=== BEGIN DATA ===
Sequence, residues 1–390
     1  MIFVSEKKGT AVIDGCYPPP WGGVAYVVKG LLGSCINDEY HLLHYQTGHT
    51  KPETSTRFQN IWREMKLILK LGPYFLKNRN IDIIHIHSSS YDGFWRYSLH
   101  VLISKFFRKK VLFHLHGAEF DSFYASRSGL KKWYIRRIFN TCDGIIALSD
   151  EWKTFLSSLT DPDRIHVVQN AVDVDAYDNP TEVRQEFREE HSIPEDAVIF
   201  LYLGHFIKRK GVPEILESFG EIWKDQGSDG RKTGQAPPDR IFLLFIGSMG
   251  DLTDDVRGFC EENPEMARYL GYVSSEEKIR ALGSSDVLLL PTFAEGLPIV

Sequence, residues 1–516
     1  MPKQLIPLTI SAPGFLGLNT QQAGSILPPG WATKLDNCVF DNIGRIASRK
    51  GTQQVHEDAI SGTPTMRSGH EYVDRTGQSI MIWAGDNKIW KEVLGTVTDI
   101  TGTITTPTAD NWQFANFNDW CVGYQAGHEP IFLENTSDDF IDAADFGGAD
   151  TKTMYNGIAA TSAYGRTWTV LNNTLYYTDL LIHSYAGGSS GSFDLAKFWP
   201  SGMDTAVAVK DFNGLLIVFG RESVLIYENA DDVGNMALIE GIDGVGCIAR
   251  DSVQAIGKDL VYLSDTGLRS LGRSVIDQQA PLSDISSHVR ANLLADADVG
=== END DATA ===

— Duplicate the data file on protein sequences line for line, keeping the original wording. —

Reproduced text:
Sequence, residues 1–390
     1  MIFVSEKKGT AVIDGCYPPP WGGVAYVVKG LLGSCINDEY HLLHYQTGHT
    51  KPETSTRFQN IWREMKLILK LGPYFLKNRN IDIIHIHSSS YDGFWRYSLH
   101  VLISKFFRKK VLFHLHGAEF DSFYASRSGL KKWYIRRIFN TCDGIIALSD
   151  EWKTFLSSLT DPDRIHVVQN AVDVDAYDNP TEVRQEFREE HSIPEDAVIF
   201  LYLGHFIKRK GVPEILESFG EIWKDQGSDG RKTGQAPPDR IFLLFIGSMG
   251  DLTDDVRGFC EENPEMARYL GYVSSEEKIR ALGSSDVLLL PTFAEGLPIV

Sequence, residues 1–516
     1  MPKQLIPLTI SAPGFLGLNT QQAGSILPPG WATKLDNCVF DNIGRIASRK
    51  GTQQVHEDAI SGTPTMRSGH EYVDRTGQSI MIWAGDNKIW KEVLGTVTDI
   101  TGTITTPTAD NWQFANFNDW CVGYQAGHEP IFLENTSDDF IDAADFGGAD
   151  TKTMYNGIAA TSAYGRTWTV LNNTLYYTDL LIHSYAGGSS GSFDLAKFWP
   201  SGMDTAVAVK DFNGLLIVFG RESVLIYENA DDVGNMALIE GIDGVGCIAR
   251  DSVQAIGKDL VYLSDTGLRS LGRSVIDQQA PLSDISSHVR ANLLADADVG